‘Hulk’ Was Too Smart and Weird for Its Time


In the midst of shooting Hulk in June of 2002, writer-producer James Schamus sensed a paradigm shift. After seeing Sam Raimi’s Spider-Man, he left a Times Square movie theater spellbound by the origin story’s high-flying CGI, witty protagonist, and a New York City skyline filled with billowing American flags—and worried about what that meant for the film he was currently making with longtime collaborator and director Ang Lee, who he called immediately: “I think we have a problem.”

In the early days of the modern superhero boom, Raimi had made a crowd-pleasing popcorn flick, essentially creating the modern Marvel movie.“You’re never smarter than popular genres,” Schamus tells GQ now. Hulk was shaping up to be something very different, he says. “Our train had already left the station.”

At the time, Lee had conceived Hulk as something much darker than Raimi’s buoyant, web-slinging world, pouring his mammoth green superhero into the mold of Universal’s rich history of monster movies such as King Kong, Frankenstein, and Jekyll and Hyde. After the success of Crouching Tiger, Hidden Dragon, the studio was eager to capitalize on Lee’s darker and introspective vision, giving him the freedom and finances to approach its emotionally unstable IP through the lens of a Greek tragedy. “I decided that I wanted to do a psychodrama, like a sci-fi/horror film,” he told Discussing Film. “[That’s] where my head was at.” As he later clarified to Sci-Fi Online, superheroes were “just the material that we use to make movies with.”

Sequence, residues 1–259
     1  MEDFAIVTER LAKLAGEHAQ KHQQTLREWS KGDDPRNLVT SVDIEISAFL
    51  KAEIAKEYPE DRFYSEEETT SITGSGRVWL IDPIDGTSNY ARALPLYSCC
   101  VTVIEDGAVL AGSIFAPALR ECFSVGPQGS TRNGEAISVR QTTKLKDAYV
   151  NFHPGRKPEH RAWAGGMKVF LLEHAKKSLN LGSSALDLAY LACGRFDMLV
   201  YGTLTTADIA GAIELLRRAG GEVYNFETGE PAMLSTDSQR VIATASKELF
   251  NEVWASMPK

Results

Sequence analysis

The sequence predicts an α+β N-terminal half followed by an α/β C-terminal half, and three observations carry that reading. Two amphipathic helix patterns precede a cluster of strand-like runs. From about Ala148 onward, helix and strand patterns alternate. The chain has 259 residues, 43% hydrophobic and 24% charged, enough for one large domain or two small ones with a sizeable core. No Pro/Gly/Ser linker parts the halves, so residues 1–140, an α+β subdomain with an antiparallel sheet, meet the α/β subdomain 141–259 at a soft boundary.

Writer James Schamus, producer Avi Arad, producer Gale Anne Hurd, director Ang Lee on the set of Hulk.Courtesy of Universal via Everett Collection

By the time the Hulk script got to Lee’s desk, the movie had gone through developmental hell. Over the previous 10 years, numerous drafts had been revised and repurposed by various writers, but Lee didn’t connect with the material upon reading it. Like he’d done in his research developing a script for X-Men, Schamus paged through Hulk back issues and “was really struck by the oedipal resonances” in a later version of Bruce’s origin story. “Ang immediately took an interest in that,” he says. Desperate to get the project on solid ground, Universal allowed Schamus to reinvent the bones of a story credited to John Turman and Michael France and infuse it with Lee’s sensibilities.

Though Schamus originally wrote more winking and sly repartee between characters, Lee shifted the movie into a more serious place. The result was decidedly and refreshingly unconventional, an outlier in a burgeoning Hollywood era. The film follows Bruce Banner’s (Eric Bana) search to uncover his repressed history and determine the reasons for his rage-induced monster, but well before Bruce Banner absorbs gamma radiation that unleashes his angry green giant, we learn the source of the scientist’s rage: an unstable and abusive father (Nick Nolte) who passed down his experimental genes to his son.This paternal conflict works in tandem with Betty (Jennnifer Connelly), Bruce’s governmental lab partner and love interest, and her father, General Ross (Sam Elliott), highlighting the pair’s similar family demons. It’s an intriguing if sometimes laborious interplay, interspersed with abstract memories (a green atomic explosion, for example) from Bruce’s traumatic upbringing at a nuclear test site that fill in his father’s abusive past.

‘Hulk’ Was Too Smart and Weird for Its Time

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